BHP Billiton (BBL) appears to be preparing for a big move in the oversupplied potassium fertilizer business, but Elliott Management is unimpressed. After BHP's chief potash analyst wrote a bullish blog item on the commodity's outlook, Elliott warned that the comments sounded "alarmingly familiar," considering the miner just wrote off more than $10 billion in U.S. shale investments. Deutsche Bank estimates the massive Jansen mine the company is building in Canada could ultimately cost $13 billion to develop. The amount of money involved could make BHP's potash move its most important strategic decision over the next five years. Potash is a risky bet; however, it is incorrect to draw a direct analogy between it and shale. BHP's main mistake there was investing at the top of the commodity bubble in a new, highly technical sector in which it had little experience. By contrast, potash prices are down by more than half from their 2008 and 2009 peaks, and the mining technology is well established. The main worry with potash is not demand, but supply: the market is expected to be saturated for the next decade, driven by major producers in Canada and Eastern Europe. BHP's project would not come online until the mid-2020s, but margins might be unimpressive for the first few years. Potash in 2017 makes more sense than shale in 2011, but it is still a risky gamble.
U.S. investment management firm Oaktree Capital Management is turning to both the Ontario Securities Commission and Quebec's Autorité des marchés financiers to address some of its concerns about Rayonier Advanced Materials' proposed takeover of Tembec Inc., saying there are disturbing questions about the role of Fairfax Financial Holdings Ltd. in the deal. Fairfax is based in Toronto while Tembec's headquarters are in Montreal. Los Angeles-based Oaktree is Tembec's biggest shareholder with a nearly 20% stake. The complaints come amid souring prospects for the US$807 million transaction. Oaktree and Restructuring Capital Associates, another Tembec shareholder, have both said the offer is too low, a view supported by proxy advisory firm Glass Lewis & Co., which is recommending Tembec investors vote against the deal. Oaktree's appeal to regulators centers on the declaration, made by Tembec and Rayonier when they announced their friendly merger May 25, that Fairfax, a major Tembec shareholder, "is supportive of the transaction." Fairfax subsequently sold its position in Tembec in the days that followed. However, because it was an investor as of the so-called record date—the cutoff used by companies to establish who their shareholders are—it might be entitled to vote the stake it held at that time despite the fact it has since cashed out.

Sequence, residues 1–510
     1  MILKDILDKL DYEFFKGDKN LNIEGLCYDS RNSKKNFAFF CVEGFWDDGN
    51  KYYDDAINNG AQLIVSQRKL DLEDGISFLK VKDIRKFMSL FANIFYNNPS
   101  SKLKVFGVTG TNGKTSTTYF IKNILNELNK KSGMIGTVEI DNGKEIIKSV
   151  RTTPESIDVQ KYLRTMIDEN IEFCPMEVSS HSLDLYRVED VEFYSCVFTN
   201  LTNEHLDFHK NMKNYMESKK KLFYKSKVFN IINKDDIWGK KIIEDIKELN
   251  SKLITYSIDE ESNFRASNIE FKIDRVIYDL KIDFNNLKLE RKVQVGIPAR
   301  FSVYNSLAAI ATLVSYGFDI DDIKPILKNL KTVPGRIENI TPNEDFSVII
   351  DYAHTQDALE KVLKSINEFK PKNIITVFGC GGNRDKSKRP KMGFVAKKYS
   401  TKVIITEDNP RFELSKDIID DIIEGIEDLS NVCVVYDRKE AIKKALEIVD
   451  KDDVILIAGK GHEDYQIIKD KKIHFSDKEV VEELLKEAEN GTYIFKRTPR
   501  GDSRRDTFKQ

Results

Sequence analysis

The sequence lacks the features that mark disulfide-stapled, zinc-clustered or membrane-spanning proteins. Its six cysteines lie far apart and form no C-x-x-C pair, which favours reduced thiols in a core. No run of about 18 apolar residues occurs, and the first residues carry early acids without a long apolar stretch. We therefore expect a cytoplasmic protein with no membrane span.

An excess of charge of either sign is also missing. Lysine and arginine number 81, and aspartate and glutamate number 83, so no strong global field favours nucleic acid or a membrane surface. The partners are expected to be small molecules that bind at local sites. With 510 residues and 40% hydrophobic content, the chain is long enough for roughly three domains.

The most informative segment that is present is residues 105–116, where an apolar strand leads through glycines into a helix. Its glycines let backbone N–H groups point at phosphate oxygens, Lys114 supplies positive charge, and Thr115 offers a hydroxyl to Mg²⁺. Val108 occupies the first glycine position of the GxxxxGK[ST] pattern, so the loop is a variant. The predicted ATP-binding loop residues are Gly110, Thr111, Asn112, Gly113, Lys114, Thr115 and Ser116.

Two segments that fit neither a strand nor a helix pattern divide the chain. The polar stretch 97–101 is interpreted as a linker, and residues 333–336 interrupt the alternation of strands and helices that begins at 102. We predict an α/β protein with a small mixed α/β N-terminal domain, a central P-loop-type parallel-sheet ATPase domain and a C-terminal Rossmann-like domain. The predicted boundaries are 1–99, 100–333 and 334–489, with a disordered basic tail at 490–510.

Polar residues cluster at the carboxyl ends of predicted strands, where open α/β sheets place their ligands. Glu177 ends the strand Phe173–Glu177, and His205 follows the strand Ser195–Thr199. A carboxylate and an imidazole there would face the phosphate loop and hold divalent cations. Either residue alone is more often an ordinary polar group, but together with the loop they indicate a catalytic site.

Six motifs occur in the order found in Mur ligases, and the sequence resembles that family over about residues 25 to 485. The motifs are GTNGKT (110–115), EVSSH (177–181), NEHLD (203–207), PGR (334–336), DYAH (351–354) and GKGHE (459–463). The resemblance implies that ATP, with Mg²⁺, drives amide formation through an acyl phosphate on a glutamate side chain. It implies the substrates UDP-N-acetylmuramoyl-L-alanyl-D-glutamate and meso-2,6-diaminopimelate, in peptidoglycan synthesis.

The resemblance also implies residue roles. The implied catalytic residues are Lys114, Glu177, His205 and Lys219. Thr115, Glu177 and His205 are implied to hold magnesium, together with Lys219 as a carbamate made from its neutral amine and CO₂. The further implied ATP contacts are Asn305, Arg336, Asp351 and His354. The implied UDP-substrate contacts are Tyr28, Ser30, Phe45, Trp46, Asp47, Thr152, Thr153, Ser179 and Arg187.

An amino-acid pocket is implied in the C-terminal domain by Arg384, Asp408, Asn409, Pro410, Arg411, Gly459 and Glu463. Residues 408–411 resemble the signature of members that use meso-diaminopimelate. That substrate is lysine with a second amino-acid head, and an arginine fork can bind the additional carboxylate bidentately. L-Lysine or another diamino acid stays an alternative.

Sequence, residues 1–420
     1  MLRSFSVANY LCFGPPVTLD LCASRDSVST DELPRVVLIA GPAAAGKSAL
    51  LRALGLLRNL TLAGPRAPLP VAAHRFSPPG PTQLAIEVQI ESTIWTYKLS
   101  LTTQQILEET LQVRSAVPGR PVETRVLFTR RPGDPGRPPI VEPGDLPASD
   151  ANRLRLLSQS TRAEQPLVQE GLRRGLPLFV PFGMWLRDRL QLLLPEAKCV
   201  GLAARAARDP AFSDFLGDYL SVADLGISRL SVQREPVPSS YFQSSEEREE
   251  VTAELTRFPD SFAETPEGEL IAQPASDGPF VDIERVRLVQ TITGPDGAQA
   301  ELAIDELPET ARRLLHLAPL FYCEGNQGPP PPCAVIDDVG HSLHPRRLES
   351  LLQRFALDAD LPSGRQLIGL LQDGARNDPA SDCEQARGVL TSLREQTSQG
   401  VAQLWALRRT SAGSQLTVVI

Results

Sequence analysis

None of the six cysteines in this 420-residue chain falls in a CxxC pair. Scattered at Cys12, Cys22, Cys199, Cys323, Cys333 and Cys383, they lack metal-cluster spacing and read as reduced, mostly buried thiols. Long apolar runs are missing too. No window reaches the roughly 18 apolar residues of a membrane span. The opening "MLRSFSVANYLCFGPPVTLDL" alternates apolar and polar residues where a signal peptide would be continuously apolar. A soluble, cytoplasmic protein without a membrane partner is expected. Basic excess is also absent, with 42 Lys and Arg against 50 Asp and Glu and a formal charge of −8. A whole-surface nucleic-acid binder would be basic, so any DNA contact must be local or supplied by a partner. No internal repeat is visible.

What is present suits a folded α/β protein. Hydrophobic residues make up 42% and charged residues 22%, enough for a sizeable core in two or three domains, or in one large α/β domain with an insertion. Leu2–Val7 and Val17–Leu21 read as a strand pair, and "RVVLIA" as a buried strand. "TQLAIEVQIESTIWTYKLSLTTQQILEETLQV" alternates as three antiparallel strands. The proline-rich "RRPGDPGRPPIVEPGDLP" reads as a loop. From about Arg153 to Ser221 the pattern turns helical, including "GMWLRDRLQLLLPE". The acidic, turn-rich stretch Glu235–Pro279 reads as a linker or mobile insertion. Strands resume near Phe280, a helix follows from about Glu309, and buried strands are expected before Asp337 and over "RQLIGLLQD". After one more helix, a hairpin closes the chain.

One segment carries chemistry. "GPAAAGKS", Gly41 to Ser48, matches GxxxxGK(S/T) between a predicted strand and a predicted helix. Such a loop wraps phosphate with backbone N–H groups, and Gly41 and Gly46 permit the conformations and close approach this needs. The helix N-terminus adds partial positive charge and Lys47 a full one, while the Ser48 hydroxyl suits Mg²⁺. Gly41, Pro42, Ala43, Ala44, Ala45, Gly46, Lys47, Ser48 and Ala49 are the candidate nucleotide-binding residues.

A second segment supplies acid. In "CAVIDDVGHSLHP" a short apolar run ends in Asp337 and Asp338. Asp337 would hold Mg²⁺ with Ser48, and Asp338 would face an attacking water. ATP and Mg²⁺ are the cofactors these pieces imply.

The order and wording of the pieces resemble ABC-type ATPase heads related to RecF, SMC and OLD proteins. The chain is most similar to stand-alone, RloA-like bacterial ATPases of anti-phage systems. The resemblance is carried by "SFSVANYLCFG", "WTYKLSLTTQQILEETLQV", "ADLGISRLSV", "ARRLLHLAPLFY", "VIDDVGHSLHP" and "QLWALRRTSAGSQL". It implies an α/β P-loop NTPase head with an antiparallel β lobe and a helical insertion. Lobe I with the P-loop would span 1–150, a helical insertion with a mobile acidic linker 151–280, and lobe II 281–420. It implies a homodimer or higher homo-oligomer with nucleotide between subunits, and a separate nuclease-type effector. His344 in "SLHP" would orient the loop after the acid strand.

ABB's chief executive, Ulrich Spiesshofer, is under pressure to address lower profitability at the Swiss engineering company after higher raw material prices and overcapacity issues pinched its quarterly earnings. The company reported a smaller-than-predicted gain in net profit on Thursday, sending its shares down 3% and putting pressure on Spiesshofer, who promised last year to boost the stock. Spiesshofer said he did not feel under particular scrutiny from Cevian, ABB's second-biggest shareholder, which last year campaigned for a split of ABB's Power Grids business and which joined ABB's board earlier this year. "The Cevian relationship is a very good one, we are working very well together," he said. Cevian owns more than 5% of ABB stock. Spiesshofer was speaking after ABB reported that net profit rose 29% to $525 million for the three months ended June 30 from $406 million a year earlier, missing forecasts of $580 million in a Reuters poll. The earnings shortfall means investors' patience could now be running low with Spiesshofer, who became CEO in 2013, analysts said. "Investors are getting more concerned about the decline in profitability," said Richard Frei, an analyst at Zuercher Kantonalbank. "There has been a lot of restructuring at the company, which has yielded results, but now the effects are getting smaller."
Ansaldo STS CEO Andrew Barr said the Italian rail-signaling company is seeking small acquisitions to offset a slowdown in the sector. However, it sees no quick solution to its battle with investment funds, led by Paul Signer's Elliott Management, holding nearly a third of the company. The investment funds have been in a feud with Ansaldo STS's controlling shareholder Hitachi since it bought the company in 2015, challenging the price paid, governance, and strategy. Elliott is Ansaldo STS's second-biggest shareholder, with a 22.5% stake, an option to buy another 8.8%, and three board seats. Hitachi initially acquired 40% of Ansaldo STS from Italian defense conglomerate Leonardo but later raised its stake to 51% through a mandatory buyout of minorities. However, it failed to reach the threshold required to delist Ansaldo STS and fold it into its own operations. Elliott made several complaints to the market regulator and filed a lawsuit that is now before the European Court of Justice, arguing that the bid price was too low. Elliott alleges that Hitachi underpaid by colluding with the seller and questions the independence of Ansaldo STS's board.